LOS ANGELES — The neighborhood of Boyle Heights has long been known as a bustling, if somewhat insular, Latino enclave in Eastside Los Angeles. But the arrival of the city’s light rail system in 2009 changed all that. It made Boyle Heights more accessible to outsiders, and since then, a wave of gentrification has swept the area. Now residents, developers, and business owners are taking sides in a battle over the future of a historic community.
Abel Salas, editor and publisher of Brooklyn & Boyle, a local magazine, said he’s been priced out of three rental spaces since moving to Boyle Heights in 2000.
While new art galleries and their owners are renting spaces to be closer to the creative buzz being generated in the area, Salas said their motives aren’t to be a part of the community — but to capitalize on it.
“You can’t continue to be the arbiters of what’s culturally valid or to say you own it or you discovered it, when you’re so far away from where culture is actually happening,” Salas said. “Their attitude is, ‘we’re here now because we can help you,’ and ultimately it’s to maintain their privilege.”
According to Salas, the Weird Wave Coffee shop is a bellwether of gentrification. “When people open a coffee shop, developers and property owners love it, because it means they’re going to start getting more money for real estate.”
The Weird Wave Coffee Shop opened in June. It has since become a focus of protests and demonstrations from locals against the rising rents that accompany gentrification.
Yet some area residents have supported it, noting that one of the owners is Latino. The phenomenon of young Latinos trying to give back or start businesses in areas like Boyle Heights, in fact, has led local media to coin the term “Gente-fication;” gente means people, in Spanish.
The story of Boyle Heights is itself one of evolution and change. Prior to World War II, the neighborhood was like “the Ellis Island of the West Coast," Betsy Kalin, the director and producer of a documentary called "East LA Interchange," told NBC Los Angeles. "It was Asian, it was Latino, Jewish, African American really everybody was here."
Back then, many Jewish families settled on the east side because restrictive real estate covenants kept them from renting or buying homes in other sections of the city.
The shift in neighborhood demographics is evidenced by the renaming of one of its main thoroughfares, Brooklyn Avenue — originally named to attract residents from Los Angeles’ more affluent west side — which was rechristened Cesar Chavez Avenue in 1994.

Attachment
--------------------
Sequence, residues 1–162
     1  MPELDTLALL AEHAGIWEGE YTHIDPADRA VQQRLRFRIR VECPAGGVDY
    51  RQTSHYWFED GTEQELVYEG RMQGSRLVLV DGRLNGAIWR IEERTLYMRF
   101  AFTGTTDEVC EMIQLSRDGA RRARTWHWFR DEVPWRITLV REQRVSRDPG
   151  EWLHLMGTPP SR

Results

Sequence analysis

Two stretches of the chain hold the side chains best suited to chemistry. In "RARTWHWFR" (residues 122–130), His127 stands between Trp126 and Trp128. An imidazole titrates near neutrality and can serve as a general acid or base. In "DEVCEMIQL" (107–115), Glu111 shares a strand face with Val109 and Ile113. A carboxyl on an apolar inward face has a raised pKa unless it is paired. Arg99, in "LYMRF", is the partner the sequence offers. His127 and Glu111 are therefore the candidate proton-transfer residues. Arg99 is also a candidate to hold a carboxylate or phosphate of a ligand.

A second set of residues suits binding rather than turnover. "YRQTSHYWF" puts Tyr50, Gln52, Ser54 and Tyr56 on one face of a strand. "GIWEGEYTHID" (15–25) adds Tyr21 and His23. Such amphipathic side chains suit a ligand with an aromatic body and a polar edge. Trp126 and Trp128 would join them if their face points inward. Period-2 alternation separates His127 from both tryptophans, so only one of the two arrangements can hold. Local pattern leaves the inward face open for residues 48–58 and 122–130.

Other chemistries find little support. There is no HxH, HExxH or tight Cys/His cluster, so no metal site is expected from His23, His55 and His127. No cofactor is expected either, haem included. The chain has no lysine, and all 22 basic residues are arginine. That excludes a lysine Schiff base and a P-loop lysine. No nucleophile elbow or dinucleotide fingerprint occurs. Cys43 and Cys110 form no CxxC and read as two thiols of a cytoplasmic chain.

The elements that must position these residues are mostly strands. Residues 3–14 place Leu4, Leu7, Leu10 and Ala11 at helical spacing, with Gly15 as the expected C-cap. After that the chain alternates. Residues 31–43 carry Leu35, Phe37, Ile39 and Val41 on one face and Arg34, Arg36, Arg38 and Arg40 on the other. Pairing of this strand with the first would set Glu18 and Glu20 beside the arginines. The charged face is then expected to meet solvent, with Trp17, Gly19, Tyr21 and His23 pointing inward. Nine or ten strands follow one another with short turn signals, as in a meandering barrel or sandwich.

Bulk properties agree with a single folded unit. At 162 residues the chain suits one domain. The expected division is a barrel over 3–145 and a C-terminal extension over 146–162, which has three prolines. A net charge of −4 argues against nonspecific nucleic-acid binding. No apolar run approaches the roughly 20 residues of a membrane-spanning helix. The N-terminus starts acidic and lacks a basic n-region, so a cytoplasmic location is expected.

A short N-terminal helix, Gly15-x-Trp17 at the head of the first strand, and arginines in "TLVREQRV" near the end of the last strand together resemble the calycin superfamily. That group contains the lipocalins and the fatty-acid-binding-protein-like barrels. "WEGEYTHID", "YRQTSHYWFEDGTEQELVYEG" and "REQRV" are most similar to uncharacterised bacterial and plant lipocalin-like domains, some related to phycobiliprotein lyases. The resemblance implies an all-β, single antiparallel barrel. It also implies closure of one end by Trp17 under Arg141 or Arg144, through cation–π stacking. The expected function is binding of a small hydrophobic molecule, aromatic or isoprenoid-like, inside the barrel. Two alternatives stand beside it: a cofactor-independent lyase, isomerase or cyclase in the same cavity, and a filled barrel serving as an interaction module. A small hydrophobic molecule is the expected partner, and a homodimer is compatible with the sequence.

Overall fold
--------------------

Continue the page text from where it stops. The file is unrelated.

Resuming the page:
Today, of about 100,000 residents, 94 percent are Latino. About one-third live in poverty, and about 17 percent are estimated to be undocumented immigrants. The community has one of the highest population densities in the city of Los Angeles and in Los Angeles County.
Now, home prices in Boyle Heights are surging. This has delighted some families, who are eager to cash in and move away. Others in the area, which has a high proportion of renters, are wary.
Because of the encroachment of developers and new building projects, organizations such as Defend Boyle Heights (DBH) are worried about the eviction and displacement of longtime residents. They are fiercely opposed to new real estate developments, coffee shops and art galleries moving into the area and altering its character.
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Rigo Amavizca, 42, a member of DBH, said that his coalition is focused on the redevelopment of the Wyvernwood Garden Apartments, located on the eastern edge of the neighborhood.
Since purchasing the property in 1997, a Miami-based owner-developer has had designs on replacing 1,187 of the Wyvernwood units, which dates back to 1939, with new apartments, new retail and commercial space, and publicly accessible, privately maintained community parks.
Amavizca views such projects as a threat and disservice to the neighborhood, because local voices are often left out of the process.
“If you’re a developer, the city will roll out the red carpet for you and give you whatever you want. But for us, trying to preserve Wyvernwood has been an uphill battle. We’re demanding a seat at the table,” said Amavizca, a resident of the complex since childhood.
The gentrification fights in Boyle Heights have ebbed and flowed. One art gallery closed earlier this year, due to what the owners called “constant attacks” by activists, and others have said when their leases are up they plan not to renew. One of the Weird Wave Coffee shop owner’s claims he’s been bullied and the shop’s windows smashed, and galleries have been vandalized.
The controversy has often taken on racialized overtones, with some activists railing against “white people” encroaching on their neighborhood.